$30bn to rebuild Iraq, now the hard work begins
The international community agreed with the Iraqi government about the urgent need for recovery and reconstruction of areas recently liberated from Daesh. The projects submitted by the government included rebuilding devastated cities (notably Mosul), roads, bridges, railways and private homes. Hospitals, schools and universities are to be rehabilitated. Most urgently, the basic needs must be provided for more than six million internally displaced people, most of whom have returned to devastated towns bereft of basic necessities.
About $30 billion in loans, lines of credit and direct investment were committed by participating delegations. GCC countries and regional funds pledged about $7.5 billion in loans and credits. Kuwait pledged $1 billion of loans through the Kuwait Fund for Arab Development and another $1 billion as direct investment. Saudi Arabia pledged $1 billion in loans and $500 million in export credits. The Arab Fund for Economic & Social Development, based in Kuwait and funded mainly by GCC member states, pledged $1.5 billion in loans. The UAE pledged $1 billion in loans, export finance and direct investment. Qatar pledged another $1 billion. The Islamic Development Bank, based in Saudi Arabia and funded mainly by GCC member states, pledged $500 million in loans.
There was palpable goodwill toward Iraq during the three-day conference, and Prime Minister Abadi was warmly welcomed and widely applauded. He was stressing Iraq’s reconstruction needs, but was aware of obstacles, which he freely acknowledged.
However, most conference delegates also equally stressed the prerequisites for the success of the reconstruction process. In public statements and private meetings, they called for a greater focus on the areas recently liberated from Daesh control. They should take priority to help the devastated communities recover from years of war and neglect. To prevent a resurgence of Daesh or other terrorist groups in those areas, efforts must be intensified to stabilize them and prevent terrorist groups of any affiliation from returning to them.
Security, stability, national reconciliation and good governance were the main themes of many potential investors and donors. To attract investment, Iraq announced some enticements such as tax holidays and fast-track or one-stop-shop options to investors. While those are important, many potential investors called for beefed-up security and accelerated stabilization of the liberated areas. Officials from donor countries stressed the need for national reconciliation and genuine equality of opportunity and participation in political life as well as in security and civil employment for Iraq’s ethnic and religious communities.
Prime Minister Abadi and many others spoke at the conference about good governance, because corruption derailed earlier efforts at recovery and reconstruction. All agree that without reassurances of good governance, many investors and donors may delay fulfillment of their pledges of assistance.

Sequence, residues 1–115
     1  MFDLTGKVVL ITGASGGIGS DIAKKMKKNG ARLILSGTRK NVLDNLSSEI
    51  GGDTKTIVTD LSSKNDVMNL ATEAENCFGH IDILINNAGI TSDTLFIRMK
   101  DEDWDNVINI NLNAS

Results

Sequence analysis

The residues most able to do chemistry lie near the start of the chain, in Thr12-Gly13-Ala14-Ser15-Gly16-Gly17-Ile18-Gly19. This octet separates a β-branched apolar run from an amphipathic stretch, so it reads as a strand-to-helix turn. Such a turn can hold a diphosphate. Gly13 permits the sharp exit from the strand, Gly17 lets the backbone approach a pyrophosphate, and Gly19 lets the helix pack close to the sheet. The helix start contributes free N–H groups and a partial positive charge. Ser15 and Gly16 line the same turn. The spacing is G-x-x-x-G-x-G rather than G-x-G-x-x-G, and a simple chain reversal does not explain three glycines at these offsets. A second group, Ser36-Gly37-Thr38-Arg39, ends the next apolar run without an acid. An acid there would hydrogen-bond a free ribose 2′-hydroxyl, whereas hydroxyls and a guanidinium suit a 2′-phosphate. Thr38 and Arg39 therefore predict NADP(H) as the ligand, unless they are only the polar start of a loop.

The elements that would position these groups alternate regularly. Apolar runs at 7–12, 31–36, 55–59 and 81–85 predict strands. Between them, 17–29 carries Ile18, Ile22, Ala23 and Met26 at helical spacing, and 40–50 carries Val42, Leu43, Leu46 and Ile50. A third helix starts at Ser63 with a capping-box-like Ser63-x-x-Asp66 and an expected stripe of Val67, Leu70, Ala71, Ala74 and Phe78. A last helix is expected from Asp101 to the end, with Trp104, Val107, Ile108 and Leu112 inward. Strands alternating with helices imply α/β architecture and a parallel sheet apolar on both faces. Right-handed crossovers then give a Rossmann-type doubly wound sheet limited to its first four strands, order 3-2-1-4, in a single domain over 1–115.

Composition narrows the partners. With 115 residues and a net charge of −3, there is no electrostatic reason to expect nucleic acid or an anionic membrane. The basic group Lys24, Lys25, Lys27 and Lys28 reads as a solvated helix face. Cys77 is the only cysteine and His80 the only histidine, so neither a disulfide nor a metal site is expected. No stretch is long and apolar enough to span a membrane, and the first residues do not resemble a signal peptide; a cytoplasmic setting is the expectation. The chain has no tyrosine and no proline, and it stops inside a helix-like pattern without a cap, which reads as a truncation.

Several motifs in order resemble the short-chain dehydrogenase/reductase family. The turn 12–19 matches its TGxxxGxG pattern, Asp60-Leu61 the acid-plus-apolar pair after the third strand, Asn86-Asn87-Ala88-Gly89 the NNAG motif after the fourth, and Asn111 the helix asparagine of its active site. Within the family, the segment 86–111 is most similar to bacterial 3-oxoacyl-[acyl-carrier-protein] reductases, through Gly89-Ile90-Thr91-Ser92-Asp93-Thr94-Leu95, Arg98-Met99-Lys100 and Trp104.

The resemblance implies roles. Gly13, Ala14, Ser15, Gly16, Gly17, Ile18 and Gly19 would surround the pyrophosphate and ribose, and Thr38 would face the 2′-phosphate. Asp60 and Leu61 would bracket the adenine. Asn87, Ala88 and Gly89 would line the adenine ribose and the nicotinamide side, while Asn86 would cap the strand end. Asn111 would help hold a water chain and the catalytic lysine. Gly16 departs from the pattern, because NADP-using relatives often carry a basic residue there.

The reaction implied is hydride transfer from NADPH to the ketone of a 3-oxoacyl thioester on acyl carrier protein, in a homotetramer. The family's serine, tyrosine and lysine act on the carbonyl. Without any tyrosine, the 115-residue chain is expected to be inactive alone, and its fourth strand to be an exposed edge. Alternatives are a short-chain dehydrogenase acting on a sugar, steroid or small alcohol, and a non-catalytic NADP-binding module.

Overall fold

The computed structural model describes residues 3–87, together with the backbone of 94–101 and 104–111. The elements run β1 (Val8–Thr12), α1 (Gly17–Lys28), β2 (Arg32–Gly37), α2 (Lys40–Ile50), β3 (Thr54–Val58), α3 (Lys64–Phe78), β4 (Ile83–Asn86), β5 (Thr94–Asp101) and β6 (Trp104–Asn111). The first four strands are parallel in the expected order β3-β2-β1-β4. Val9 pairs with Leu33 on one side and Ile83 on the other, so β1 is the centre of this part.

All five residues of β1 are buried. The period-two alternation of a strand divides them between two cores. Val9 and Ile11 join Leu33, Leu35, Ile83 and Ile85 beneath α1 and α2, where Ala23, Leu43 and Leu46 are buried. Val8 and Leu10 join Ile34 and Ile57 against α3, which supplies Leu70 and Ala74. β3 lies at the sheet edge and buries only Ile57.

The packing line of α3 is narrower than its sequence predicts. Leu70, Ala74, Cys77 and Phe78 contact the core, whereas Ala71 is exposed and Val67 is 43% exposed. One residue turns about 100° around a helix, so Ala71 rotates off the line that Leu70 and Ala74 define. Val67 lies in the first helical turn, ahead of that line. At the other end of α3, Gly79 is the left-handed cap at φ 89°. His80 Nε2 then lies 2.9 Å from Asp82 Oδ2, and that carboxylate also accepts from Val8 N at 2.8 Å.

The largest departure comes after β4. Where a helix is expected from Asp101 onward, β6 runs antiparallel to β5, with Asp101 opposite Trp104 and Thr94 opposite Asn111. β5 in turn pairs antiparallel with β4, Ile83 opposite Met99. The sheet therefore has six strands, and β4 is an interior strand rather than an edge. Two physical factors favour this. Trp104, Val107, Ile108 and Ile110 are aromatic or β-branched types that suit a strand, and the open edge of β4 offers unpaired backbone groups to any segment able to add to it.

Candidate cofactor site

Potential donors will require assurances on security, stability, national reconciliation and good governance before the cash begins to flow.
Abdel Aziz Aluwaisheg
Another equally important issue was immunizing the recovery and reconstruction process from political interference or disruption by militant factions.
It was encouraging that the Iraqi government made clear that it was aware of all of these misgivings and had started taking meaningful steps to address them. That trend should be encouraged and supported, technically and financially, by donors, especially by international financial and development organizations such as the World Bank, the International Monetary Fund, and the United Nations.
However, donors, creditors and investors need also to be involved in the oversight of the recovery and reconstruction process. Before the conference, the Iraqi foreign minister called for a “Marshall Plan” for Iraq, an idea that may indicate Iraq’s recognition of the need for international oversight of the reconstruction process, because the Marshall Plan did involve extensive outside participation and supervision of post-Second World War development in Europe.
Pledging aid is just the first step, to be followed by several rounds of consultation between donors and recipients. The next steps would be agreement on the priorities and allocations, followed by signing financing agreements, detailed economic studies and technical designs, followed by public tenders and implementation. Each step typically involves detailed measures. Without close consultation between donors and the government, any of those steps could derail the process and delay the fulfillment of the pledges made at the Kuwait conference. Good governance is extremely important during those steps.
Finally, there is an urgent need to coordinate between donors, to avoid overlap and to ensure good governance and compliance with the priorities expressed at the conference by donors and investors and by Prime Minister Abadi.
• Abdel Aziz Aluwaisheg is a columnist for Arab News. Email: [email protected]. Twitter: @abuhamad1
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